Printer Friendly

Variances of length and surface area estimates by spatial grids: preliminary study.

INTRODUCTION

Basic geometrical characteristics of 2D or 3D objects can be estimated by counting or measuring intersections of the objects with randomized periodic patterns of manifolds (Barbier, 1860; Santalo, 1976; Cruz-Orive, 1997). Estimation of geometrical characteristics by measuring the objects intersections with the randomized probes can be regarded as a generalization of the classical topic of stereology--estimation of the characteristics measuring lower dimensional randomized sections of the objects. The formulas for unbiased estimators using intersections with randomized spatial grids follow from well established general formulas of integral geometry (Baddeley and Vedel-Jensen, 2005). On the other hand the variance of the estimates may depend on properties of both the grid and the measured objects in a complicated way.

The variance of volume estimation by measuring intersection of the object with arbitrary periodic grid in random position is already well understood. A useful approximate formula (Eq. 1) for the variance using only simple characteristic of the measured object is available. The formula for variance of d--dimensional volume estimate by point lattice was proved in (Hlawka, 1950) for strictly convex sets with 6d--times differentiable support function, the proof for convex sets or sets with [C.sup.1.5] smooth boundary can be found in (Janacek, 2008) and it can be easily generalized to an arbitrary periodic grid. The volume of a bounded object K in d--dimensional space can be estimated by a point counting method using regular point lattice T = [AZ.sup.d] in [R.sup.d], where Z is the set of integers and A is a regular matrix. The number of points of the randomly shifted point lattice inside the object multiplied by the specific volume of the point is an unbiased estimate of the volume. under mild regularity conditions on the object K the variance of the estimator with the randomly rotated lattice scaled by the factor u > 0 is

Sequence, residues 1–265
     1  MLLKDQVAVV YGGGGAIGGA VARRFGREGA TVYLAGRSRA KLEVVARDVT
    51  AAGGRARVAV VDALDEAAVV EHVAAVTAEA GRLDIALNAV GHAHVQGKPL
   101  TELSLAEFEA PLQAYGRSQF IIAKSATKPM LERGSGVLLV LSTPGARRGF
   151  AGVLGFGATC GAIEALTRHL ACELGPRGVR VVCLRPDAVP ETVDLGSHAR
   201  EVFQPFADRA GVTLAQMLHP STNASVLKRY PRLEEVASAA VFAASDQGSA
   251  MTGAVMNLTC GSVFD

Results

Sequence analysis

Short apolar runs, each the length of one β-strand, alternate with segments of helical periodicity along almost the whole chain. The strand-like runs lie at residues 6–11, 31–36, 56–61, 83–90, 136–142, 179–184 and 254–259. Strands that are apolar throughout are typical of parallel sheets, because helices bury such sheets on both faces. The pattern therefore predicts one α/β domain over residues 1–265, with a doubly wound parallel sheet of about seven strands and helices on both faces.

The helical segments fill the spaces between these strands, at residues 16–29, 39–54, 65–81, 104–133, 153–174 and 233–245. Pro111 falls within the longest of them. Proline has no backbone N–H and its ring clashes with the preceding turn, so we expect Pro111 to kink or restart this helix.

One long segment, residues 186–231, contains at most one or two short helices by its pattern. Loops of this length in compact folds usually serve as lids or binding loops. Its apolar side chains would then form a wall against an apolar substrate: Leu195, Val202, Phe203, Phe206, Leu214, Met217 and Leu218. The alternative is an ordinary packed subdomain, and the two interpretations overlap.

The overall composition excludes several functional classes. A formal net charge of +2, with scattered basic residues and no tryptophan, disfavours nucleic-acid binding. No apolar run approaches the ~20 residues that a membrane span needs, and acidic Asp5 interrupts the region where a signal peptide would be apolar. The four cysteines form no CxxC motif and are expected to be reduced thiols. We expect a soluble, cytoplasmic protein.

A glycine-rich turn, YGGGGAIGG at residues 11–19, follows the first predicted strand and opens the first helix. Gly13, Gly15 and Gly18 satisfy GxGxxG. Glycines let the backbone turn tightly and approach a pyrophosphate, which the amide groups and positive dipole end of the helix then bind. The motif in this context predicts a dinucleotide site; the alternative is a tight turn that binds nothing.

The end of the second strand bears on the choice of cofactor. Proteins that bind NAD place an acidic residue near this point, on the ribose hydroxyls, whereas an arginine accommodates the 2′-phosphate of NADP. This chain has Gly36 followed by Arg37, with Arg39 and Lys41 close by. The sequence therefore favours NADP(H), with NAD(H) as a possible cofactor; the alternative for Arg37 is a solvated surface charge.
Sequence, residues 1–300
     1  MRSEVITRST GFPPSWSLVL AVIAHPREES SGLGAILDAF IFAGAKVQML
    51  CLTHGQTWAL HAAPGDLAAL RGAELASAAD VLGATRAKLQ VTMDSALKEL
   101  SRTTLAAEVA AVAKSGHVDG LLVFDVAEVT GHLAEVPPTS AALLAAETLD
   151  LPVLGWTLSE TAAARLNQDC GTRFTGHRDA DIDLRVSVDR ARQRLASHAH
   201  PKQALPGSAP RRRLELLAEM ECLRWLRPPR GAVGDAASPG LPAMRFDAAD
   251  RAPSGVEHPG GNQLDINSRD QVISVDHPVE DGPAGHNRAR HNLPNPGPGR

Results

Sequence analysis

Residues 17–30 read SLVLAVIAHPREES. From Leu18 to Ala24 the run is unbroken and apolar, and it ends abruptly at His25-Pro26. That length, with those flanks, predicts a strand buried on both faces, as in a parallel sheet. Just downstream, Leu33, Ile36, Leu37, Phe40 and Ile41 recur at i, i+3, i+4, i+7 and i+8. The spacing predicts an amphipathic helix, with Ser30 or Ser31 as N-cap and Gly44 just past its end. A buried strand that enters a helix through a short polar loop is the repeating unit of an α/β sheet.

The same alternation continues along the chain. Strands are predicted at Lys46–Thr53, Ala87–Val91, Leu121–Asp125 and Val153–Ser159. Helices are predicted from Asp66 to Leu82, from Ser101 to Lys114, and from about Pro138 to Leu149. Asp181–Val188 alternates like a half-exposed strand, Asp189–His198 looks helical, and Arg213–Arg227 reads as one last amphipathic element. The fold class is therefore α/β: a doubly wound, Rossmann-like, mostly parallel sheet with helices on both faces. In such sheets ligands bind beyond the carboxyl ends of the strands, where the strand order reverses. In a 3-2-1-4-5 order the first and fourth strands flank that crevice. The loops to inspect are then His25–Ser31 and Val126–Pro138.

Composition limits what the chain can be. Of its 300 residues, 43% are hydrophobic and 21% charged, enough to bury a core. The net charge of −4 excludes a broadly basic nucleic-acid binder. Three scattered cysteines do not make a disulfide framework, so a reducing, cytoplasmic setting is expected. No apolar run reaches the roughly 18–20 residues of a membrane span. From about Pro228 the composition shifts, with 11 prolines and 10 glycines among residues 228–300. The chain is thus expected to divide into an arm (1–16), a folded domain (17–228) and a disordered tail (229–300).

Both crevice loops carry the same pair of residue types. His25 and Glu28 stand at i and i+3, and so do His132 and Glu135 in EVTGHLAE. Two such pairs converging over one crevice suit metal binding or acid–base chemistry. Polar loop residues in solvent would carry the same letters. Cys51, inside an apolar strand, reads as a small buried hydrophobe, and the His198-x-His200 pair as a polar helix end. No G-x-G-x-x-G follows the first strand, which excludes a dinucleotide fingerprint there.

[C.sub.T][H.sup.d-1] ([partial derivative]K) [PHI](u.sup.-1][u.sup.d+1]

(Janacek, 2008), where [C.sub.T] is a constant of the lattice, [H.sup.d-1] ([partial derivative]K) is the surface measure of the object, [PHI] [greater than or equal to] 0 is a function which ergodic average tends to 1: